children. Now I’m homeschooling the two young grandboys with whom I
    live, and the youngest has many neurological problems including a major
    problem processing speech, which often leads to meltdowns and other
    behavioral issues, so I appreciate reading about what others have done
    to help special needs children.

  47. As a teacher, a Mom, and now a Grandma who is staying home with her two grandsons I commend what you are doing. Even without special needs sensory overload can be a sensitive issue.

  48. kathy downey

    Thanks for the great post and tips,and i really found all the comments also helpful.Thanks and blessing to you and your children.

  49. Your Children are very blessed and lucky to have a mother like you. You are more “in tune” to what they need and how they react to something much more than an “outsider” would be. You guys are in the Army, Right? The reason I ask is that my Oldest Daughter is married to an Army man. They just recently moved from Fort Knox to, I believe, Fort Campbell (still in KY but closer to TN now). My grandson has asbergers (spelling??) which is the highest form of Autism. And, whenever, I speak with my daughter, she always mentions about him having a “meltdown”. In the move, she found out now that her house has asbestos and mold in it and the Army will not move them to a different house stating that it’s at a tolerable level and it won’t harm them. Her new pediatrician doesn’t believe that he’s got this problem, even with videos of him screaming, beating his head on the wall till it bleeds, beating his little sister, etc. He’s only going to be 4 this Oct. In reading Your piece, when you mention “trigger” it made me think of my grandson! My daughter is fighting like anything to get him a solid diagnosis and get the proper help for him that he needs! Every time I read about the different things that “trigger” your children, I just kept thinking of him! Anyway, I have much respect for you as a mother, wife and person. You go through an awful lot to make sure your children get the proper care and learning! I think that is a special quality to have! Thanks for sharing your information with all of us! I do appreciate it! Thanks Again, Michele 🙂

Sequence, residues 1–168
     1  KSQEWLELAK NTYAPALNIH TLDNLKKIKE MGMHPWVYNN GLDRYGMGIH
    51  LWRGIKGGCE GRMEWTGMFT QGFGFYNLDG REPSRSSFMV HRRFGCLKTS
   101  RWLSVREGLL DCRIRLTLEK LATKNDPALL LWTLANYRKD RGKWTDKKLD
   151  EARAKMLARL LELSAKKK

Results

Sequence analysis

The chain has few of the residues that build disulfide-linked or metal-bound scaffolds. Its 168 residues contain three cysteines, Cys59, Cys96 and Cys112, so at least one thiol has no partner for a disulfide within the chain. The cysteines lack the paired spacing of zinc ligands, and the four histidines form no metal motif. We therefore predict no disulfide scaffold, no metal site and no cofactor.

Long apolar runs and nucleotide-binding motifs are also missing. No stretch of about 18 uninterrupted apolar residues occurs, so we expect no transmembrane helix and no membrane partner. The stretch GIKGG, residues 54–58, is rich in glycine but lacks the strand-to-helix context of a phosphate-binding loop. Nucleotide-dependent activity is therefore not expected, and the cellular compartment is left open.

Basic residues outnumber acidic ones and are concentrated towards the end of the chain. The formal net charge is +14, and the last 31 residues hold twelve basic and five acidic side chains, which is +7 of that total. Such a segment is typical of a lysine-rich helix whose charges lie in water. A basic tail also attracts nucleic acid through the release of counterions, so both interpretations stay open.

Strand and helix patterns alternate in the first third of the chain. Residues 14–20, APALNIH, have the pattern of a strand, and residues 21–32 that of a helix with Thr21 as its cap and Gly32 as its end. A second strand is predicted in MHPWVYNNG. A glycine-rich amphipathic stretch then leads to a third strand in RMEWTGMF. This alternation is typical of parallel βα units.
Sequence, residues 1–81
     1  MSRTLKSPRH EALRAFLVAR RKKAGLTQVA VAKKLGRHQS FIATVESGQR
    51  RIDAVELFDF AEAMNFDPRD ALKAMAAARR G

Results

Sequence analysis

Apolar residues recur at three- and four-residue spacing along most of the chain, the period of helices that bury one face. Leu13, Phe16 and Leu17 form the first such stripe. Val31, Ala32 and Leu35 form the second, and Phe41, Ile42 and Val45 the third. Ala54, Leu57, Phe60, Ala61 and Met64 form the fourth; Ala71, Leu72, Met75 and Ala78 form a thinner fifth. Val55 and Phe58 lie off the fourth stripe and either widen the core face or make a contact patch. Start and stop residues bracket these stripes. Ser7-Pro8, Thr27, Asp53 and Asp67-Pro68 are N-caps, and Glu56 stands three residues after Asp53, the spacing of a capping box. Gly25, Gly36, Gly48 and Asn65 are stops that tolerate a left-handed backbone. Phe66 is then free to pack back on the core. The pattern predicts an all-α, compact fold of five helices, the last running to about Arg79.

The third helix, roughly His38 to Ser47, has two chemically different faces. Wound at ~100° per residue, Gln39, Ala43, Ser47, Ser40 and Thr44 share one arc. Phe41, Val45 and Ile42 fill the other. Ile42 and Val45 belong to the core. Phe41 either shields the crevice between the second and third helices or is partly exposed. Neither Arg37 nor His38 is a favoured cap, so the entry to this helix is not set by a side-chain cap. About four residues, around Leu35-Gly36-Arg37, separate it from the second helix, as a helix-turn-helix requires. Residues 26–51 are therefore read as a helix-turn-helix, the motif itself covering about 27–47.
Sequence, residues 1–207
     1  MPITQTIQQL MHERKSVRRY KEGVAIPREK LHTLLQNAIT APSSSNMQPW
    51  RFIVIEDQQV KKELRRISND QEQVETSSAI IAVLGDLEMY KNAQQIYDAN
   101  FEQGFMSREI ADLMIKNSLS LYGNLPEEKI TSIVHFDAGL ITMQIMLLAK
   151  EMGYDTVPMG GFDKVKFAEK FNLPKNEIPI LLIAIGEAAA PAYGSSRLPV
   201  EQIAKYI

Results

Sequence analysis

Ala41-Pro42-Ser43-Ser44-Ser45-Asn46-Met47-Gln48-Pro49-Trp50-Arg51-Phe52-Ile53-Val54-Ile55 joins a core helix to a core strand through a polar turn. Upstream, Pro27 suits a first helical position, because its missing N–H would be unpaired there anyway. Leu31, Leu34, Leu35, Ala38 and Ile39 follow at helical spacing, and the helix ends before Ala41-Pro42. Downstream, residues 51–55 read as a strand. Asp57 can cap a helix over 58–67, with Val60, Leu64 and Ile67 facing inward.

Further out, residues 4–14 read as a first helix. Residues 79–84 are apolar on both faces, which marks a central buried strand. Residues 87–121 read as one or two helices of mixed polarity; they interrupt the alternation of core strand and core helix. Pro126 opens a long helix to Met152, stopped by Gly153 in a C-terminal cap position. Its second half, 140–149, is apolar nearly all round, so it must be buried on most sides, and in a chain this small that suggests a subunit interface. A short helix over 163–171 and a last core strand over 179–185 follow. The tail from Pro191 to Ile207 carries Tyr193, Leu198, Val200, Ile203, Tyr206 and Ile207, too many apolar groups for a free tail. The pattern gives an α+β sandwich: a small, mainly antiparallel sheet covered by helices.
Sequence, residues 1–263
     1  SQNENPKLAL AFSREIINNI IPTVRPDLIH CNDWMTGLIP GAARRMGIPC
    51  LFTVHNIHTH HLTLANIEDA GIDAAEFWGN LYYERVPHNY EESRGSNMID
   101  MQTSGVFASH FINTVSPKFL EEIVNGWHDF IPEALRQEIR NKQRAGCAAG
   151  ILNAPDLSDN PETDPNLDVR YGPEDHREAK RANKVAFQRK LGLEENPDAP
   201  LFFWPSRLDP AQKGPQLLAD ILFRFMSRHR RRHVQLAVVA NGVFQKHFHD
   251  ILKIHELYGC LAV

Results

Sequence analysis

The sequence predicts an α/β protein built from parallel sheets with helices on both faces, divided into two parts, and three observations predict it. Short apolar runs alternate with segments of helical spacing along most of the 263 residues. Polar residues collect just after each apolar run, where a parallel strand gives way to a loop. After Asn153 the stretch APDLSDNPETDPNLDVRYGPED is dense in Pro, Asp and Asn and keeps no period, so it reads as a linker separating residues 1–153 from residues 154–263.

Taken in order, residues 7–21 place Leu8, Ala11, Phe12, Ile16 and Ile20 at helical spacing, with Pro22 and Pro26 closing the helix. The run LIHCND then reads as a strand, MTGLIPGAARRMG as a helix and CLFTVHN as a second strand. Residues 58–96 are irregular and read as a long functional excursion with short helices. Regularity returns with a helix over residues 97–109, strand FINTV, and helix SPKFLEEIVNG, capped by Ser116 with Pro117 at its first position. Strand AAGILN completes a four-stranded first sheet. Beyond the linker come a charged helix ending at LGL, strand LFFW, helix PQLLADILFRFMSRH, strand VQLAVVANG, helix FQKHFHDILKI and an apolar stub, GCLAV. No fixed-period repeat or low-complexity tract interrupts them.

Michele Ash recently posted…Partner with Little Passports for your FundraiserMy Profile

    • That can be so hard when you just know something more is going on and the doctor’s just don’t see it. I pray she is able to get answers and proper therapy referrals if needed. Has she gotten any help from EFMP? They may be able to help with both referrals to the correct doctors as well as possibly getting an EFMP move to a different house. They helped us when we needed to move to a one-story home because the stairs were a danger zone with our oldest son’s behavior. My husband medically retired from the Army almost one year ago, but I’m happy to connect with her if she is needing resources! Please let me know!
      Emilee recently posted…Partner with Little Passports for your FundraiserMy Profile

  50. Great advice! Thanks so much for sharing your experience.

  51. Thank you for this post. I can think of several children with ADHD who also have experience with too much stimuli at once.

  52. I have found that with such children it also helps to speak softly, in a calm, even tone. This way, there is less of a chance of an auditory problem with sensory overload. I also would suggest that there not be too many things in the work area to visually distract the student.